Sydnie L. Mosley Dances (SLMDances) is a New York City-based dance-theater collective that works in communities to organize for gender and racial justice through experiential dance performance.
SLMDances' works engage audiences in the artistic process; our dances provoke a visceral reaction to the physicality on stage, and incite conversation toward community action. The works reflect real life experiences central to our identities, and pulls focus to the stories of women and Black folks. The movement vocabulary fluidly integrates modern dance techniques and movement of the African Diaspora, while dancers frequently use their voice with spoken text and audible breath. Through dimensional compositions, specific, textured movement, humor and character development, choreographed works appeal to a sense of humanity.
SLMDances has shown work at Harlem Stage’s The Takeover, The Performance Project @ University Settlement, Dixon Place, 92nd St Y, The Chen Dance Center newsteps program, the FIGMENT Festival on Governor’s Island, RoofTopDance, The Actor's Fund Arts Center, the Harlem Arts Alliance Artz, Rootz & Rhythm Festival, Movement Research at Judson Church, Brooklyn Arts Exchange (BAX), Bronx Academy of Arts and Dance (BAAD!), Triskelion Arts, The Red Carpet Theater at Taino Towers, as a part of the New York Foundation for the Arts Boot Camp Arts Festival at Joyce SoHo, The New School for Hollaback!’s HOLLA:Revolution, Barnard College, Cornell University, Penn State, Duke University, the Exponential Finance Conference, in addition to the annual NYC anti-street harassment rally, and many other outdoor performances.
The collective situates itself amongst the Harlem arts community by creating and presenting dance uptown; partnering with other Harlem artists and businesses; and focusing community-based initiatives within Harlem. SLMDances travels for projects both domestically and internationally as relevant to the mission and interests of the collective.
Dreams bring to our consciousness that which is outside of us. Dreaming is the first step to manifesting a better reality. As Zora Neale Hurston reminds us, “The dream is the truth.” We live our dreams. Our imaginings are realities. Our actions make our imaginings so.
We honor the truth that every individual brings to the work. Each human has a unique experience to offer that is worthwhile and enriches the fabric of our dance. And to that extent, we believe that artists and other collaborators who contribute to the work should be acknowledged for that value. SLMDances embodies a “difference-celebrating culture,” as suggested by Sonya Renee Taylor, and we celebrate you!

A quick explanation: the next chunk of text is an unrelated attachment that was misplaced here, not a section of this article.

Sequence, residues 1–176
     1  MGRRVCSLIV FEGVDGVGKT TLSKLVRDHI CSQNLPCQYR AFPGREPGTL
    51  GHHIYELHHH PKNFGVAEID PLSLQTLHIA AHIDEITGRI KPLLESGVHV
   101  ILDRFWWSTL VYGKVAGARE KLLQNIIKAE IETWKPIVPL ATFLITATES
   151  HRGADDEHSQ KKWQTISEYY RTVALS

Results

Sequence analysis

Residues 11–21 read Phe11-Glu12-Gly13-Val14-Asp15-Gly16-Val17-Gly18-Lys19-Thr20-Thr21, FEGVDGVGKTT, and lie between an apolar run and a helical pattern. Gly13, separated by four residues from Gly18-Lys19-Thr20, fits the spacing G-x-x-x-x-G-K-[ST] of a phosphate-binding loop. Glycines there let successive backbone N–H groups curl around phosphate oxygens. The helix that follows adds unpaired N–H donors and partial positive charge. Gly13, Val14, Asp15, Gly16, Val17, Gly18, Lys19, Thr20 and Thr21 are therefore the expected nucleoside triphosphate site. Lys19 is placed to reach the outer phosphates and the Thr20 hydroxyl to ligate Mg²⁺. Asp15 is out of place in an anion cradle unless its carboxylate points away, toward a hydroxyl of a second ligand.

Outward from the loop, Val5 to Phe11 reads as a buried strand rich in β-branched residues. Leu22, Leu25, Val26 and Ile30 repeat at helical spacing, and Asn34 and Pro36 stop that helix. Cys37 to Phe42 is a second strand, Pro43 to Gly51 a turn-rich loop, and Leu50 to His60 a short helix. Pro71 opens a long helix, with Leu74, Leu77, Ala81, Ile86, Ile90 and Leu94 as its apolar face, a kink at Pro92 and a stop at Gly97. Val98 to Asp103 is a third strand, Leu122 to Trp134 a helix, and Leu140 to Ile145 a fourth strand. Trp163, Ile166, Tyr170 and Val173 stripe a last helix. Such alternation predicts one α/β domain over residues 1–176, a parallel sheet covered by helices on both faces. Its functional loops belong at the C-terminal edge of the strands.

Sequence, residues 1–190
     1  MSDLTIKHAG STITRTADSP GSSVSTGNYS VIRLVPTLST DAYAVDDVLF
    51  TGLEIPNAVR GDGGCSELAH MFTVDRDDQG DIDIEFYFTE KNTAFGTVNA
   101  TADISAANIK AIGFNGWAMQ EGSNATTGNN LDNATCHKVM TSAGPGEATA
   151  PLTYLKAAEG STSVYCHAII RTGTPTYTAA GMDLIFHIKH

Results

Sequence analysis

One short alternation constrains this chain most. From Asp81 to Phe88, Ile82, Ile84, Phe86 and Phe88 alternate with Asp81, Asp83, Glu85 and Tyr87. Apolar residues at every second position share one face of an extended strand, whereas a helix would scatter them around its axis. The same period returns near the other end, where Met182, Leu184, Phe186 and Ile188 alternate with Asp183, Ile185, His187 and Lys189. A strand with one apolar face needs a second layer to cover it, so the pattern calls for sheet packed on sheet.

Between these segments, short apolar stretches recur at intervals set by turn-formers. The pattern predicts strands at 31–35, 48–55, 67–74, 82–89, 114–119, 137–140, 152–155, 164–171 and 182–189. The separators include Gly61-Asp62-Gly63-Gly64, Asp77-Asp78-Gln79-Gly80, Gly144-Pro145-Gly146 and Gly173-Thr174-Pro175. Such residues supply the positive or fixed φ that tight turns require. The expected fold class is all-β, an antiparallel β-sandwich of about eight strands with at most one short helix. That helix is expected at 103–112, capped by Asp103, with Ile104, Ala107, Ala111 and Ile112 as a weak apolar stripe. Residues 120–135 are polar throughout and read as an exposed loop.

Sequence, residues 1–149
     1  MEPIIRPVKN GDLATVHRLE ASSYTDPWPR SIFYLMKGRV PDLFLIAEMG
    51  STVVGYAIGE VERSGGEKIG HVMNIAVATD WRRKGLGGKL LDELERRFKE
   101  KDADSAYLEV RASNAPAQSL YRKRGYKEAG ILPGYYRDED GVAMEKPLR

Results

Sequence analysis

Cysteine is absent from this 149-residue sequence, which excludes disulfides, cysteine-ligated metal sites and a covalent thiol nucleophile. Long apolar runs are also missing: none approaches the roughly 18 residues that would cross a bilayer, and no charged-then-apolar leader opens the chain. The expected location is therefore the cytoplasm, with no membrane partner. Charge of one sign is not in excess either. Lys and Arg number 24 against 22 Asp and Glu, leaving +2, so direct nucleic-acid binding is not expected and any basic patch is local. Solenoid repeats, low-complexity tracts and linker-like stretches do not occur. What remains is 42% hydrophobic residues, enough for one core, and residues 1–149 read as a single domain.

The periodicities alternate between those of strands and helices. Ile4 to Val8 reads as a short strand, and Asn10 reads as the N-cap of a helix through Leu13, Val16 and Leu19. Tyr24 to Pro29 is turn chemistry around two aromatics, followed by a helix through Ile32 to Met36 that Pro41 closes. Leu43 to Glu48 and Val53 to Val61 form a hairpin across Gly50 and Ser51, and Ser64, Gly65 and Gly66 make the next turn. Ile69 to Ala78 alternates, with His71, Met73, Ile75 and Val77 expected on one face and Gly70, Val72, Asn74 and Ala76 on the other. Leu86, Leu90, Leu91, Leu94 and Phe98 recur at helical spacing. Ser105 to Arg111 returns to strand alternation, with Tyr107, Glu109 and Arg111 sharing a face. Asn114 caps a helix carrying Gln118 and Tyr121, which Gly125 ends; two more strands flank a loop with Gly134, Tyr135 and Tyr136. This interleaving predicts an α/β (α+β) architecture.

SLMDances is a creative home for trans, cis, nonbinary, queer, disabled, fat, masculine presenting, Black women and femmes of many generations. We are dreaming of the liberation of these humans. We understand that by centering, prioritizing and freeing their story - they who fall at the inter sections of many oppressions - that we may have the tools ultimately free all human beings.
Dance is an agent of change. As an activist tool, dance uniquely positions human creativity and physicality as a catalyst for action. Movement of the body fuels cultural movement, one dance at a time. Eve Ensler states: “Dance is dangerous, joyous, sexual, holy, disruptive, and contagious and it breaks the rules. It can happen anywhere, at anytime, with anyone and everyone, and it’s free. Dance joins us and pushes us to go further and that is why it’s at the center…”
Adrienne Maree Brown teaches us that “Relationships are everything.” SLMDances understands itself in relationship to the various communities of which we are a part, or are invited into. We are rooted in, nurture and remain accountable to each of those communities, from individuals in our local experience, to our city-wide, national, and global reach. Through collaboration, these communities are involved at every level of process. We believe that mutually beneficial partnerships are the mode to serve and uplift the needs and wants of all those involved.
We value honesty in our movement, activism and organizational practices. It is the earnestness of actually falling, and getting back up again that creates the visceral nature of our work. We witness one another in this practice. We embody Aja Monet’s understanding that when we witness each other and our mother’s movements in this world, “it informs [our] own, their labor to love and live freely, their joy and their pain, their magic and madness.”
Ntozake Shange writes that, “it is possible to start a phrase with a word and end with a gesture/ that’s how i’ve lived my life/ that’s how i continue to study/ produce black art.” SLMDances understands that by devising dances of words and gestures, thoughts and actions, we are creating opportunity for peer learning, research, critical thinking, discussion, and reflection. SLMDances does not position itself as an expert on any topic it tackles, but as an entity that deeply listens and shares what it is continually discovering in every class, rehearsal and performance.
Statement on Race + Gender
Inspired by SLMDances' 2014 work CAKE, the collective developed a clear statement and approach to race and gender for our artistic work, articulated and documented during SLMDances' 2017 strategic planning process. Learn more about who our work is for and how we work to manifest that.